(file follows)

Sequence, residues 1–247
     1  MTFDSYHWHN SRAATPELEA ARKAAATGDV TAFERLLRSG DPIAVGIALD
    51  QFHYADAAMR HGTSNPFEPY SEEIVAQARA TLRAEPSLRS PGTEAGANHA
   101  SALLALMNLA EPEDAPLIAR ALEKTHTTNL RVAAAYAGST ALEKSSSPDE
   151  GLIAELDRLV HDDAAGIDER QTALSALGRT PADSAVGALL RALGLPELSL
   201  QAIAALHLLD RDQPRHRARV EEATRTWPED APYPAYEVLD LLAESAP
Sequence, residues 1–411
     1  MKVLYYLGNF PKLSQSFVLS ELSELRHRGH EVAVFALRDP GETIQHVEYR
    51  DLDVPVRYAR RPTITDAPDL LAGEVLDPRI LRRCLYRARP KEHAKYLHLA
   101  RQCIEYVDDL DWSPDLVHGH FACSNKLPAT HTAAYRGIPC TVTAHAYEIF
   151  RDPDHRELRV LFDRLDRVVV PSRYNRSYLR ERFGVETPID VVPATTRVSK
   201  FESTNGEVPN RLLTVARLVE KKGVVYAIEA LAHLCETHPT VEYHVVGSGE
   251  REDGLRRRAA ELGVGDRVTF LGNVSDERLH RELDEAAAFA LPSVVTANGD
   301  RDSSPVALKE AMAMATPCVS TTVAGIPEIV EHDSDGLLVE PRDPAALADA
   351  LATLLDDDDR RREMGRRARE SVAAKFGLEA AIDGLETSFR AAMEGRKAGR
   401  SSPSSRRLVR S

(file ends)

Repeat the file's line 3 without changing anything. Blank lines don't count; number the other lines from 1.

    51  QFHYADAAMR HGTSNPFEPY SEEIVAQARA TLRAEPSLRS PGTEAGANHA